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Mortensen takes demotion to PawSox in stride

May 11, 2012

Clayton Mortensen

PAWTUCKET — Despite posting downright gaudy numbers in his shortlived Red Sox stint, Clayton Mortensen was farmed out to Pawtucket because of one simple yet often overlooked factoid.
He still has minor-league options remaining.
Guys like Mortensen, they perform a service akin to a security blanket. To the big-league teams, to have a player with options still on the table, creates the kind of roster flexibility that can prove most handy.
Whenever a need arises, be it adding an extra positional player or a fresh arm the day following a lengthy, extra-inning contest, players with options know that there’s a pretty good chance they’re going to be pegged as the sacrificial lamb. As Mortensen explained one day after making room for outfielder Daniel Nava in Boston, it’s a routine in which he’s become rather accustomed.
“It’s still tough because when you go up (to the majors), you want to stay and perform well enough that they can’t send me down,” explained Mortensen while sitting in the home dugout inside McCoy Stadium. “When they have to make a move, I completely understand. I’m the one guy who can go back down and get recalled whenever. It’s part of the game and something I’ve grown accustomed to over the past few years.
“It’s definitely stressful, but it’s only stressful if you let it become stressful. It’s a part of the game that’s completely out of your control,” Mortensen continued. “What I’ve learned over the years is to not take anything for granted. When you do get that chance to go up there, you go out there without any regrets.”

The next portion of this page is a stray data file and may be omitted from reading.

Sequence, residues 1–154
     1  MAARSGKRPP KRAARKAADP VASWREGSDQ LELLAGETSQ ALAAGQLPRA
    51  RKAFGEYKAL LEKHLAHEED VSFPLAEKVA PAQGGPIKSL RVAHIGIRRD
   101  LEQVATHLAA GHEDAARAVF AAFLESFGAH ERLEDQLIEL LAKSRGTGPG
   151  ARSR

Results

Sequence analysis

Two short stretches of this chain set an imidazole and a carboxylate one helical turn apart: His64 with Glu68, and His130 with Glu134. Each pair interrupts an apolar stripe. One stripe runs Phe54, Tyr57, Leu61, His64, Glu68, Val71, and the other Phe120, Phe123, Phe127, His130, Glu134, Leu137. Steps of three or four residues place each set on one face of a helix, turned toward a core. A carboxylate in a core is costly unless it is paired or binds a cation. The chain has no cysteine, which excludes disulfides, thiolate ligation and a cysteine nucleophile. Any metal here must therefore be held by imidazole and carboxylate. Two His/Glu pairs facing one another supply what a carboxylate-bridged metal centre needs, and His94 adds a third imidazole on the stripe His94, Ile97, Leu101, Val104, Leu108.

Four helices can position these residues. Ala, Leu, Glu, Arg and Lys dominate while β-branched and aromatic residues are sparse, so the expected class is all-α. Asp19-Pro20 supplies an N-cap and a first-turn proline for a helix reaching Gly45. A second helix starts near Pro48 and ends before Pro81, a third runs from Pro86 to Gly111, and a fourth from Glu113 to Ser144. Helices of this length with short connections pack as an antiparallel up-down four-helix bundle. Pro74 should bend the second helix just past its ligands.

The Red Sox represent the fourth MLB team in which Mortensen has pitched. Such a high total speaks volumes about his ability, yet also demonstrates that the 2007 supplemental-round selection of the St. Louis Cardinals has faced an uphill climb to stick on a permanent basis.
Such is life when a ballplayer still has options attached to his name. You can perform like Mortensen did over the 9 1/3 innings he tossed for Boston, which consisted of one run coming on a Mark Reynolds homer last weekend, and know that in the back of your mind, a change of scenery is always possible.
“I know I didn’t pitch poorly up there. I threw the ball well and did what I was supposed to do,” said the 28-year-old. “They needed me for that [Mortensen’s stint with Boston began on May 2] and then they needed an outfielder. I’m not mad about it; I just need to come down here and keep on working.”
This season marks the last time Mortensen will ever experience the feeling that goes with being a human yo-yo. Come next year, there will be a different aura surrounding him – the kind that goes with the territory of having “out of options” stamped on their respective professional careers.
As someone who recently spent time in the same bullpen as Scott Atchison, Mortensen can appreciate how a player, who as recently as 2011 was subjected to frequent call-ups and “send-downs,” is able to perform free and easy without the threat of options dangling over his head.
Indeed, Atchison’s name was in heavy rotation on the transaction wire last season, the 36-year-old righty summoned six times to Boston was farmed out in five instances.
Clearly Atchison has taken to the newfound lease on his baseball life, knowing that for a refreshing change, he has some say in his own destiny. He carried a 1.23 ERA spanning 14 games and 22 innings heading into Friday, which also includes 15 strikeouts and opponents hitting .203 against him.
“I’m sure it would be a sigh of relief in the sense that they’re not going to send me down if I have one bad outing,” said Mortensen about the kind of baseball security that Atchison is presently enjoying.
“You still have to have to keep that grit inside of you, that you’re still going to keep on competing,” Mortensen added. “More or less, (being devoid of options) makes it so that they can’t shift you up and down as much. That’s something that would be a benefit.”
To PawSox manager Arnie Beyeler, players like Mortensen are simply part of a tangled web that will not last forever.
“You’ve got to make a business decision. If you’ve got guys that you can send up and down as opposed to guys you might lose, that’s good business and how the game works,” Beyeler said. “Those are the rules and you play within the rules. It’s unfortunate for the players, but once you’re out of options, you get to be in those situations where maybe you do get a few more benefits than other guys.”

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